Cotswold Essence Woodstock Guide

Cotswold Essence / Woodstock Feature

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As published in Cotswold Essence.

The Doomsday Book of 1086 describes Woodstock as a royal forest. Following this auspicious start, it continued to be a place of interest for the elite – King Henry II courted ‘Fair’ Rosamund Clifford in Woodstock, Elizabeth the 1st was once held prisoner in the town and many medieval kings resided at Woodstock Palace prior to it being destroyed during the English Civil War. Woodstock’s place in the hearts of the modern aristocracy was, however, cemented with the construction of Blenheim Palace, the residency of the Duke of Marlborough.

Today, the picturesque town bears some evidence of its extraordinary history. Though most of the buildings were constructed in the 17th century (when the first Duke of Marlborough moved in), some much older ones still stand – The Macdonald Bear Hotel, for example, is built around the original coaching inn that dates back to the 13th century.

Fittingly for a town whose name derives from the Old English meaning ‘clearing in the woods’, at the heart of Woodstock lies Blenheim Palace. Set in over 2,000 acres of Capability Brown’s landscaped gardens, this is the place to start when visiting Woodstock and a long, leisurely walk around the grounds is an excellent way to while away the afternoon (wellingtons are advisable). Don’t forget to have a look inside the palace itself – the bedroom in which Winston Churchill was born is a particular highlight.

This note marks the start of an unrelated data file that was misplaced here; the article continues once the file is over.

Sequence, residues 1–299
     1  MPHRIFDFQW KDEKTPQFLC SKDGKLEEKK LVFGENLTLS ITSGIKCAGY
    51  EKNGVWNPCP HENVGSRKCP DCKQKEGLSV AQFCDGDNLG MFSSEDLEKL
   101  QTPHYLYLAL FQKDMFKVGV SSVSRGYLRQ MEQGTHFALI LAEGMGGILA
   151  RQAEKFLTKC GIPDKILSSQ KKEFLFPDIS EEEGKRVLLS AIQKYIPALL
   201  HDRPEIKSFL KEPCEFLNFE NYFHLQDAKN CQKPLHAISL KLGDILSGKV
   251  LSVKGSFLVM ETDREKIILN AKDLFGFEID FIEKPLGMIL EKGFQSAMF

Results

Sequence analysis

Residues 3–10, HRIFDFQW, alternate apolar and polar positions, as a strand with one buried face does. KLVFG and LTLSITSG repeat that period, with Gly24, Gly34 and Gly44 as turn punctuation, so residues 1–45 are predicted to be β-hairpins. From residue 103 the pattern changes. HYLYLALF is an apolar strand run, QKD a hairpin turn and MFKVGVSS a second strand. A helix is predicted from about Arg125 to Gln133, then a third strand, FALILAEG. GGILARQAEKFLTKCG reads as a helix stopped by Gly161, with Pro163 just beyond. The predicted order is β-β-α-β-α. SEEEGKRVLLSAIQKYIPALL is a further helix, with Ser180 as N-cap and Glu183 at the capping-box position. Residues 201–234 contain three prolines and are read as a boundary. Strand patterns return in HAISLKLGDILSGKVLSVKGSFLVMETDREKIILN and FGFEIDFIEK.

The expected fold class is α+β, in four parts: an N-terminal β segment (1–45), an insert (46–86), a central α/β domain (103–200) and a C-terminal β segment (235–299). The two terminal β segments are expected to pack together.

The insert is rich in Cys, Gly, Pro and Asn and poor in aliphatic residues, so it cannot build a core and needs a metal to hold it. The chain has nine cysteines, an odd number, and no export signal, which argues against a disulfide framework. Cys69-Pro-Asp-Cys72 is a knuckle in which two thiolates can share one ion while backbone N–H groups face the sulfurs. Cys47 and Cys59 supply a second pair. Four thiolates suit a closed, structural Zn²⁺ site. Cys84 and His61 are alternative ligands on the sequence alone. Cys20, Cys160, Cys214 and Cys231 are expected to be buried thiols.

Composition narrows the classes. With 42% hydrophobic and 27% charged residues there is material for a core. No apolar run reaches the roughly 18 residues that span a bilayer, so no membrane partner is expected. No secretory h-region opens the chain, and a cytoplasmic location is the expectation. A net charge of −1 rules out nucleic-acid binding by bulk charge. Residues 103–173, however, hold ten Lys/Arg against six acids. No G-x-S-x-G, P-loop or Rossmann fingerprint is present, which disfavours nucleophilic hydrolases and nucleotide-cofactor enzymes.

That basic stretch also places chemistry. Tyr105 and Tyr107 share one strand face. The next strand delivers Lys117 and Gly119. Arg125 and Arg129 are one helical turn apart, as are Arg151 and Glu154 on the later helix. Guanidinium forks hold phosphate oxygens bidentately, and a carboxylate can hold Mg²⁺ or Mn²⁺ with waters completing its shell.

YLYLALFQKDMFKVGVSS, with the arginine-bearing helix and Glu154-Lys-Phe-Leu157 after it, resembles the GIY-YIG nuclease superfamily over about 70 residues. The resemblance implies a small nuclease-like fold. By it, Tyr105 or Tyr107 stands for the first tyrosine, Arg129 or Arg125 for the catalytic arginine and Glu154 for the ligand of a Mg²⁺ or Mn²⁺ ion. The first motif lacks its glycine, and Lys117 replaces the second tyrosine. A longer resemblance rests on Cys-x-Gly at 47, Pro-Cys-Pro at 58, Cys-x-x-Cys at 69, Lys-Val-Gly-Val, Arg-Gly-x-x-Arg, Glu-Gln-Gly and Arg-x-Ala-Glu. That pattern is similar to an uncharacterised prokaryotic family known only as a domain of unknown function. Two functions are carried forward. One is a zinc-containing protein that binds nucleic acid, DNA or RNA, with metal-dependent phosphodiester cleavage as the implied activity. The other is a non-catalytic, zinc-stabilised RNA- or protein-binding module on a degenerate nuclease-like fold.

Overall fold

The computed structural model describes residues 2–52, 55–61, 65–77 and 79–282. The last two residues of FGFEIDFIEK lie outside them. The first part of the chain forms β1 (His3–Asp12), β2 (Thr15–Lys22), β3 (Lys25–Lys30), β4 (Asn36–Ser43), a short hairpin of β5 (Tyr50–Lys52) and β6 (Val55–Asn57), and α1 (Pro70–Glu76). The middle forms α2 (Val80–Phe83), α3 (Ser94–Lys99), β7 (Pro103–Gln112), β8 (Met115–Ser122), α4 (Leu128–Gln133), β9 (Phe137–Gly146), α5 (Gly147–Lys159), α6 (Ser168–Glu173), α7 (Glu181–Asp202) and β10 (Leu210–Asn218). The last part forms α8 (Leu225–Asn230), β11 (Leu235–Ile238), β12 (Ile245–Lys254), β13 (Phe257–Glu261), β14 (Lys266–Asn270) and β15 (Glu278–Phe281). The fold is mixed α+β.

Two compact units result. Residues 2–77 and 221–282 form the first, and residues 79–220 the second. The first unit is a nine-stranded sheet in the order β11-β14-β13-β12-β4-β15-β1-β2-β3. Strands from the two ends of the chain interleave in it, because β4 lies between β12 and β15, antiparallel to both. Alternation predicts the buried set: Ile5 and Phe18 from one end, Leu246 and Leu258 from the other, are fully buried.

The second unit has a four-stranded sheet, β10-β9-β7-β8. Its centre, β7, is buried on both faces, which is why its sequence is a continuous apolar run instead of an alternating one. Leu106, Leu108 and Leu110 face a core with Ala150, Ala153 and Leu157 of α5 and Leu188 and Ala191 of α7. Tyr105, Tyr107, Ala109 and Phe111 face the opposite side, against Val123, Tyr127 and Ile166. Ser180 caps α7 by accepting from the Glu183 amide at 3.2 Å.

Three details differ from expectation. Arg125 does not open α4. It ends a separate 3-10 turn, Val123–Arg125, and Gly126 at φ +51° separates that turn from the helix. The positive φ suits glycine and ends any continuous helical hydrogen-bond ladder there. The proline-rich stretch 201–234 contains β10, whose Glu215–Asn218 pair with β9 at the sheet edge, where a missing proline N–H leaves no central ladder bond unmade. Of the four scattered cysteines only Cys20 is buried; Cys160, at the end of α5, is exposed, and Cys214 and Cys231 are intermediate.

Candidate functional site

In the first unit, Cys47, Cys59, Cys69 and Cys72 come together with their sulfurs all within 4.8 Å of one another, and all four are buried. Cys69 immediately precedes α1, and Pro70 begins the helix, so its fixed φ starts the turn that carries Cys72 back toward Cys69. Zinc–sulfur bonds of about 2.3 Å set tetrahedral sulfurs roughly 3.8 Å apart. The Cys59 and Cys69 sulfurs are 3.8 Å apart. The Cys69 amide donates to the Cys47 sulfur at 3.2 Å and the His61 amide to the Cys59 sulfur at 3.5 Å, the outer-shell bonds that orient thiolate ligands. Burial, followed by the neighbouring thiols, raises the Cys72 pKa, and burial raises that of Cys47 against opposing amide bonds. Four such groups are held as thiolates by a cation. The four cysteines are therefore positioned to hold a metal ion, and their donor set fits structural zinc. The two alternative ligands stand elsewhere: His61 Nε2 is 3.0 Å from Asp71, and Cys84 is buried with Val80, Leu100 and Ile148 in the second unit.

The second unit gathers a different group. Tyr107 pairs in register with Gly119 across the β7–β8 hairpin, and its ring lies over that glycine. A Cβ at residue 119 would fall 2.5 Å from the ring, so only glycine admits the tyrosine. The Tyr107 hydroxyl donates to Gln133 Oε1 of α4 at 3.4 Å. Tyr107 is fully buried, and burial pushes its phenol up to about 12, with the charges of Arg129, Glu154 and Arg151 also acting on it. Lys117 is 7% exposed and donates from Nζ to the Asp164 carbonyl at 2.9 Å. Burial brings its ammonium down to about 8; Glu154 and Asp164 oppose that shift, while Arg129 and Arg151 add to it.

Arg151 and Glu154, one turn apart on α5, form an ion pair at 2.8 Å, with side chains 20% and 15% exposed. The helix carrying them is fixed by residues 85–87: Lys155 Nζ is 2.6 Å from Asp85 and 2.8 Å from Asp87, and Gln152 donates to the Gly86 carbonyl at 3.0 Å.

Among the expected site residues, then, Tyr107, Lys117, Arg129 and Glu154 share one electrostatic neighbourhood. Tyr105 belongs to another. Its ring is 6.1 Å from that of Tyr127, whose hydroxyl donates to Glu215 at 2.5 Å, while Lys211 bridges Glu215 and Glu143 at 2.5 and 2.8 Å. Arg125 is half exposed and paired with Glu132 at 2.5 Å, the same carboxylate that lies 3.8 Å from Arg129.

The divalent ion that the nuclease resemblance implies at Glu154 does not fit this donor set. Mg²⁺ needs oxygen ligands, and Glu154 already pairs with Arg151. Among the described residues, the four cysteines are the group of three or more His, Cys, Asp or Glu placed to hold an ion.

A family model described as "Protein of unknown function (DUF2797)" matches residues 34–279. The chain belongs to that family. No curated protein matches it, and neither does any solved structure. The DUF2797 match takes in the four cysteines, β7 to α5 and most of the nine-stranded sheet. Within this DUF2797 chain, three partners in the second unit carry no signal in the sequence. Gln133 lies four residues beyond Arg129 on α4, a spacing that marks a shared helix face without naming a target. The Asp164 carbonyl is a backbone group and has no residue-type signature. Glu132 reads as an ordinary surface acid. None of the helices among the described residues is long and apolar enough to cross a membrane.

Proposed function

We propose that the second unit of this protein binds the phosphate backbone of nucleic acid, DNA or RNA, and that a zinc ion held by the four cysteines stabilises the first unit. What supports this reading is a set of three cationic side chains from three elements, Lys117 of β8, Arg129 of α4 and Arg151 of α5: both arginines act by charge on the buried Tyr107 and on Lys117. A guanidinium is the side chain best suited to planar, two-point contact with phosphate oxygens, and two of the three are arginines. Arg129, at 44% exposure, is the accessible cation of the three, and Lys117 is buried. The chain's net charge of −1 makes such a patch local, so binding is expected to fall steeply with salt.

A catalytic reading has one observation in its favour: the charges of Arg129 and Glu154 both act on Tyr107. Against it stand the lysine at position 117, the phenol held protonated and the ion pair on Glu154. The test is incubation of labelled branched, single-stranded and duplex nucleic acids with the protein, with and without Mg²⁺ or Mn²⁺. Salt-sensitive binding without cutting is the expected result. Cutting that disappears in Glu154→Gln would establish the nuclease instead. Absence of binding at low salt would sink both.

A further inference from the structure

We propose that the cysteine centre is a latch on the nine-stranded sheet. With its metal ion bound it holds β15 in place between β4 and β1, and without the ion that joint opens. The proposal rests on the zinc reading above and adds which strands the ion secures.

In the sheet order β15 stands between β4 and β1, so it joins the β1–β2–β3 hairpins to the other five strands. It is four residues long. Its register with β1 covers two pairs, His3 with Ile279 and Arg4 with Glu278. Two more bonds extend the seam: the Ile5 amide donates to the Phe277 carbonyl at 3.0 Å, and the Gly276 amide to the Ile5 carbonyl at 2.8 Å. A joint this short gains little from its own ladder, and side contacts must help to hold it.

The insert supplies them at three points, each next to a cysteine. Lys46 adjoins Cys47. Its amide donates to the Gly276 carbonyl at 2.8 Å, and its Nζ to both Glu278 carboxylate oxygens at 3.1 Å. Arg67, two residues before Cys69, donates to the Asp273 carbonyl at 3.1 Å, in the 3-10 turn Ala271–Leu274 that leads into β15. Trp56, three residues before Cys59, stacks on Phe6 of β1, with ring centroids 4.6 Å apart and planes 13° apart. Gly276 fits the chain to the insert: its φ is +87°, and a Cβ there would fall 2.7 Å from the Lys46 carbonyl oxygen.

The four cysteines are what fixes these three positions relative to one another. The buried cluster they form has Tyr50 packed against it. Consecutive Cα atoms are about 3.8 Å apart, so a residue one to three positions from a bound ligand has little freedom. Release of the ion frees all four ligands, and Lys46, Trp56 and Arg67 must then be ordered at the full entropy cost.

Once in the small knot of market streets that comprise Woodstock, there is plenty with which to fill ones time. Start by visiting the Oxfordshire Museum to see some examples of the gloves in which Queen Victoria placed her hands (and esteem – a Royal Warrant was issued to local glove manufacturers of Woodstock by the monarch). Though a small town, Woodstock offers two excellent options for accommodation. The first is the aforementioned Macdonald Bear Hotel. Steeped in history, ask a member of staff to show you the original beams and some of the glove-making machinery.

The town centre itself is home to a fair few shops of note. For clothes, head to The Cotswold Tailor, which specialise in making a wide range of apparel out of traditional British cloth, and the Chica Ho boutique, which stock modern luxury clothes. Woodstock is also home to two impressive furniture shops which provide plenty of scope between them for lovers of old-fashioned and modern carpentry (they are Antiques at Heritage and The Real Wood Furniture Company respectively). For a bargain, drive to nearby Bicester Village.

Hunger brought on by all that exploring is easy to sate in Woodstock; The King’s Arms offers a mix of modern and classic British cuisine and tea and snacks are amply supplied at either Harriet’s Cake Shop and Tea Rooms or Hampers Food and Wine. If you wish to head further afield, Michelin-starred Le Manoir Aux Quat-Saisons and The Fat Duck are within easy driving distance. Organic treats can be found at the nearby Daylesford Organic Farm.

The second, Hope House, was constructed at the same time as Blenheim. It is now a luxury boutique hotel within the ancestral home of a descendant of the original occupants – the Money family. The hotel now offers a glimpse of the spectacular history of the house (The Moneys were well acquainted with the Churchills and throughout the hotel are little reminders of the friendship, from letters to footprints belonging to the Churchill family carved into the lead of the roof) within the impressively and lovingly updated accommodation.

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